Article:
Quinn Ewers, top high school QB recruit, will skip senior year, enroll at Ohio State
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Quinn Ewers made his decision — he’s going to college.
Ewers, a five-star quarterback out of Southlake Carroll High School in Texas and the No. 1 recruit in his draft class, said that he will skip his senior year and enroll at Ohio State one year early. Ewers made the announcement on social media on Monday afternoon.
“Over the past few weeks, following Texas’ UIL informing me I would be prohibited from profiting off my own name, image, and likeness, I’ve taken time to think about what lies ahead of me, both in the short and long term,” Ewers wrote. “It’s unfortunate I’ve found myself in this situation, as my preference would have been to complete my senior season at Southlake Carroll along with the teammates and friends I’ve taken the field alongside for the past three years.”
Ewers continued: “However, following conversations with my family and those I know have my best interests in mind, I’ve decided it’s time for me to enroll at Ohio State and begin my career as a Buckeye. This is not just a financial decision; this is about what is best for my football career. At 18, and with one final class about to be completed to earn my high school degree, I feel it’s time to get the jump on my college career that is available to me.”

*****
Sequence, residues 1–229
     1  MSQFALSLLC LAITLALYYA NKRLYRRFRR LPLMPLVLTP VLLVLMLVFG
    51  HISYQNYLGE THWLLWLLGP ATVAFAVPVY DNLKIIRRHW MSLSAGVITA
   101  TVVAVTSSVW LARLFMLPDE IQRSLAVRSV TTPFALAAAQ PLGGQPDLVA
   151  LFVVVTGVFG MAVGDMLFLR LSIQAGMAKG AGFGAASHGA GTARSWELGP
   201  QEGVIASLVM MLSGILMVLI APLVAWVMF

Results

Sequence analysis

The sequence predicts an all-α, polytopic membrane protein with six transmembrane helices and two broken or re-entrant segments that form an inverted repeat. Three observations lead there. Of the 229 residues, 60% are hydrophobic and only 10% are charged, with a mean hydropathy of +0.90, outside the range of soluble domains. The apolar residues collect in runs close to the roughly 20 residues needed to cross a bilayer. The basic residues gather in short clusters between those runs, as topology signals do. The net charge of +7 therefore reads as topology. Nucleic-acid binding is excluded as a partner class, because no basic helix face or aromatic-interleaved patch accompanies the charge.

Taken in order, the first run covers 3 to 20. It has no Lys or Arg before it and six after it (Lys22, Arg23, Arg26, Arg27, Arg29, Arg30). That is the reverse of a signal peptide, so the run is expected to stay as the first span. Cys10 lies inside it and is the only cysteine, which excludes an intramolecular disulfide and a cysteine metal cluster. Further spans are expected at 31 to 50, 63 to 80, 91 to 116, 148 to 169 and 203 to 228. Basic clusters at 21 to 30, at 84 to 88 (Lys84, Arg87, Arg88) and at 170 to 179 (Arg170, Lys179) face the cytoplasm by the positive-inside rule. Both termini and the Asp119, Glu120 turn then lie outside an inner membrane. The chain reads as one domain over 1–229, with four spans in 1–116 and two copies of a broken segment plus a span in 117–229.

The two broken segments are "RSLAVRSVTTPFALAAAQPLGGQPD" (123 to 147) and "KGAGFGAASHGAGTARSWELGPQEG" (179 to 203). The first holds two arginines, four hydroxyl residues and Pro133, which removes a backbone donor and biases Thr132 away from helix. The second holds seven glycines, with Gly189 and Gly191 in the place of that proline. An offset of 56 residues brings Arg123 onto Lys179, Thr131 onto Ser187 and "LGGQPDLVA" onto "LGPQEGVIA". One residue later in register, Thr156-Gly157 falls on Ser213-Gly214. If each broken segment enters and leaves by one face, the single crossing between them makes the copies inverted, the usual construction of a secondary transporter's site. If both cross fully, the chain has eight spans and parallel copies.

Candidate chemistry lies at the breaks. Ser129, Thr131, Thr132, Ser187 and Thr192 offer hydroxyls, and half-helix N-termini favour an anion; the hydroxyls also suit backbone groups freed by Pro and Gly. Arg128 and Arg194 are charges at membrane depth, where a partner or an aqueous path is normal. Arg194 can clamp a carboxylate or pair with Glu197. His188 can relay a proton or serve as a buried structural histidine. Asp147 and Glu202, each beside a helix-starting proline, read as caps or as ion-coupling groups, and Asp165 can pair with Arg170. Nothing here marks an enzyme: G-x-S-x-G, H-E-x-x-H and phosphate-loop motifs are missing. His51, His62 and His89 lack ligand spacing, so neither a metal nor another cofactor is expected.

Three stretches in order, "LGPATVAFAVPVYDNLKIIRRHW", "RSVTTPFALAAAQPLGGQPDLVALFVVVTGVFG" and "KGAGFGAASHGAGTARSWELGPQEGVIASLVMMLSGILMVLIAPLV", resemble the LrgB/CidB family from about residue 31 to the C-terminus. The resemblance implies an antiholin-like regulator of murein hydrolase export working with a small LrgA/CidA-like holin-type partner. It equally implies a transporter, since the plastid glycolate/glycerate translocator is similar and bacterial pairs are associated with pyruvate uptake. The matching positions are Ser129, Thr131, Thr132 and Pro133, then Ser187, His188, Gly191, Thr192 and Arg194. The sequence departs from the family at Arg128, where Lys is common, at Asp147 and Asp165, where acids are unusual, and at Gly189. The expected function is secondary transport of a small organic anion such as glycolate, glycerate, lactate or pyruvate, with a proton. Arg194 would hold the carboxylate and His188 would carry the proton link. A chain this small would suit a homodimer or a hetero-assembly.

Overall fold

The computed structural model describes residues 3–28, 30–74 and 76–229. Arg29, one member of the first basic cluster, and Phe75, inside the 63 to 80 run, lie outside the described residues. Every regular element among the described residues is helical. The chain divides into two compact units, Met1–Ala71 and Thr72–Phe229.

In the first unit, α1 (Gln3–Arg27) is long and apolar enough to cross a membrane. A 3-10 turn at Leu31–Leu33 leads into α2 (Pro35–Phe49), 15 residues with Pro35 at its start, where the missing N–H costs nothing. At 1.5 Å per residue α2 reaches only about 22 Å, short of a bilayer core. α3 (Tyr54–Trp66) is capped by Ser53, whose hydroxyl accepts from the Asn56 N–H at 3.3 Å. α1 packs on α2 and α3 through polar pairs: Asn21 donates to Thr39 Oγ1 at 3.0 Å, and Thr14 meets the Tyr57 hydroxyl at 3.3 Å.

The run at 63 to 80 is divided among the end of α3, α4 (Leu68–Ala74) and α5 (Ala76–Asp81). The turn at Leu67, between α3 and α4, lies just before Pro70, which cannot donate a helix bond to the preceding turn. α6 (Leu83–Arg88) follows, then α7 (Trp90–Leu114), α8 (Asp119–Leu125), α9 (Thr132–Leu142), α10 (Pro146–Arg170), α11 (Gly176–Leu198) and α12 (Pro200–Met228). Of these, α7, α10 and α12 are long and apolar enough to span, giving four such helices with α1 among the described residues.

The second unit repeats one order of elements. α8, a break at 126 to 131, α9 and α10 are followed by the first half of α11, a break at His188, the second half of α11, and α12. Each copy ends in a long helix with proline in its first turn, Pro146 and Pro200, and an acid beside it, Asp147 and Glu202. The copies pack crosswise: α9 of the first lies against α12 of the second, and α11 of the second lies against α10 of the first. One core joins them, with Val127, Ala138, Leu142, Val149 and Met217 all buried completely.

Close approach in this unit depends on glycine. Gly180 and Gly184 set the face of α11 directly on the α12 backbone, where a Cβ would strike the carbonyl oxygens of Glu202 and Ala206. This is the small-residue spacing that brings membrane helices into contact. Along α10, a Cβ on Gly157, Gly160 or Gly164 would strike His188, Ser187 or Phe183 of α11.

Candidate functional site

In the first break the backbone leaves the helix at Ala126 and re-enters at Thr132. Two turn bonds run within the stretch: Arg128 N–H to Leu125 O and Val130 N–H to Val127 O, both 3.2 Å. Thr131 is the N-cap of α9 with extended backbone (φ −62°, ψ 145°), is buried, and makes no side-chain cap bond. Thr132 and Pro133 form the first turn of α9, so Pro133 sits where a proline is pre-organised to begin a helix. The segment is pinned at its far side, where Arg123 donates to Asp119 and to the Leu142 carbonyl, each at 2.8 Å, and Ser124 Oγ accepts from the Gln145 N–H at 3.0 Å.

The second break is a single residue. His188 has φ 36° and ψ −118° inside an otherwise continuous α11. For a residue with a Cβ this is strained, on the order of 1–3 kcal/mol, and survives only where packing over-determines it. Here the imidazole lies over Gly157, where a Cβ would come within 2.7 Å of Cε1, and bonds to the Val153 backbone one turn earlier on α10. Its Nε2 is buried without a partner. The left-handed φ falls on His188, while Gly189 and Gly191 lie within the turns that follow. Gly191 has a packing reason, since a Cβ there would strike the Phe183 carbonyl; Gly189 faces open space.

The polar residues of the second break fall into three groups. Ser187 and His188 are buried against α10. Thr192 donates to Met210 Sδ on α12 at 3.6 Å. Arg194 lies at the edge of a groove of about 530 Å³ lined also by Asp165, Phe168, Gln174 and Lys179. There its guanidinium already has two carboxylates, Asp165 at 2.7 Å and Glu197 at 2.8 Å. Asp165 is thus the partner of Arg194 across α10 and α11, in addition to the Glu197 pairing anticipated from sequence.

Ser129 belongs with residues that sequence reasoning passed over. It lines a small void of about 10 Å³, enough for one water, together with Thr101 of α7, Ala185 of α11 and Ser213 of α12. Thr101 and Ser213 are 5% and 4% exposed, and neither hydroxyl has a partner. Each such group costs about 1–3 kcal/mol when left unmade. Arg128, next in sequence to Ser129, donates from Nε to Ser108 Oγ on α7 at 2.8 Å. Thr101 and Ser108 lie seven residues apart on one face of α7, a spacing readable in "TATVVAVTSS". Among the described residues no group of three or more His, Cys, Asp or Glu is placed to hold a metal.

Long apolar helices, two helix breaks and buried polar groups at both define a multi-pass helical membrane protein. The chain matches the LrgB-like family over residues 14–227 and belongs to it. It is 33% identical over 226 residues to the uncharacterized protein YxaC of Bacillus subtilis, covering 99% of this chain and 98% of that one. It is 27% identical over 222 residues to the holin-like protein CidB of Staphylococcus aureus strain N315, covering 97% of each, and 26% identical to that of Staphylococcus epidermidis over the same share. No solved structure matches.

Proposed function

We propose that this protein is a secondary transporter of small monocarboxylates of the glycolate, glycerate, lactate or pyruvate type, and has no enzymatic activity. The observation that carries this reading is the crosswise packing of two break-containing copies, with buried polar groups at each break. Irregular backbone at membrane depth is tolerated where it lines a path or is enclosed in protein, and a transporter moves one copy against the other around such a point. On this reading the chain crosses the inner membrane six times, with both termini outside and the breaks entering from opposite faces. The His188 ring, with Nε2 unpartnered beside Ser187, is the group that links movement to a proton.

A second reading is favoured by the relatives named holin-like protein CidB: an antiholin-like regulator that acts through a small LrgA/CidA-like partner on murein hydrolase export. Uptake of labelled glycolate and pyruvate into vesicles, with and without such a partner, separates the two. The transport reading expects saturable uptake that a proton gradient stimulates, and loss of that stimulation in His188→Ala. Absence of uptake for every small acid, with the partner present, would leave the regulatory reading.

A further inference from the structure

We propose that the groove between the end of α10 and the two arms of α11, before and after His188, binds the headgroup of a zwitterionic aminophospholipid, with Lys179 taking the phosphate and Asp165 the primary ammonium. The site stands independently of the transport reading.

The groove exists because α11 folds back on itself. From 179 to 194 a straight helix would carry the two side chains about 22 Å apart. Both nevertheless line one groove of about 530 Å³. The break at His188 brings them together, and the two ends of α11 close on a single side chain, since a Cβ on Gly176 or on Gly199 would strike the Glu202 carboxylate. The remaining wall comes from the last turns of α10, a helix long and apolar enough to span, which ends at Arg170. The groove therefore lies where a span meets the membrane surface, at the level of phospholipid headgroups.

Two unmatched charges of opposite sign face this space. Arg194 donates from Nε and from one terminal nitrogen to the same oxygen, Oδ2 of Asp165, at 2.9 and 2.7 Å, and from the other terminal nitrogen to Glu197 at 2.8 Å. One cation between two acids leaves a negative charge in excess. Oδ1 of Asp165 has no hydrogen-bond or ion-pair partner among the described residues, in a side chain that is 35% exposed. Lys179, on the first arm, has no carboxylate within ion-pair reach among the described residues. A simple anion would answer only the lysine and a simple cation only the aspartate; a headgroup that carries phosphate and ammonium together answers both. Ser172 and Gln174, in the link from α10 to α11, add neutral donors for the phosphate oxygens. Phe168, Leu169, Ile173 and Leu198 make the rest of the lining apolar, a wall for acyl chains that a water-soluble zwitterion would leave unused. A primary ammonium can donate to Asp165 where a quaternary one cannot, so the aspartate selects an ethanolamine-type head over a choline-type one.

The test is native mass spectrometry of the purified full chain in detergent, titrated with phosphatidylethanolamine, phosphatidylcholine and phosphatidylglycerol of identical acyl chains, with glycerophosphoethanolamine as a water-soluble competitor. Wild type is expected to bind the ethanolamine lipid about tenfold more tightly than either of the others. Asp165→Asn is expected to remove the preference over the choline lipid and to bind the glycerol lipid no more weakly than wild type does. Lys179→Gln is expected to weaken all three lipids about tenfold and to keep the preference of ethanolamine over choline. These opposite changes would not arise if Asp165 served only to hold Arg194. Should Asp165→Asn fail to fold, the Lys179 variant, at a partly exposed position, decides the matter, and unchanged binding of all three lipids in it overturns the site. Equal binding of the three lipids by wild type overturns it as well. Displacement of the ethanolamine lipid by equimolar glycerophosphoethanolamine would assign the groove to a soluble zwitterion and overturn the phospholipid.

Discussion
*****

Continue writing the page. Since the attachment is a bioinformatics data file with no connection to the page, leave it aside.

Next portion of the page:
Ewers originally committed to Texas, but he changed his mind and announced that he would attend Ohio State last November. With Justin Fields now on the Chicago Bears, the Buckeyes will have an open competition at the position heading into the 2021 season. Other quarterbacks under scholarship on the depth chart include Jack Miller, C.J. Stroud, and Kyle McCord.
Ewers, who is 18 years old, has offers from local and national companies to profit off his name, image, and likeness. According to Yahoo! Sports, one local company called Holy Kombucha is including cash and equity in its offer.
Ewers’ parents, Curtis and Kristen, want Quinn to stay in school, but the state’s UIL informed the family that if he made money off his name, image and likeness, it would violate the state’s legislation on NIL. Ewers wouldn’t have been able to sign with any companies until he was done playing sports in high school.
In two seasons as a starter at Southlake Carroll, Ewers threw for 6,445 passing yards and 73 touchdowns. Ewers’ decision to skip out on his senior year of high school may be the first of what is to come for future top athletes.
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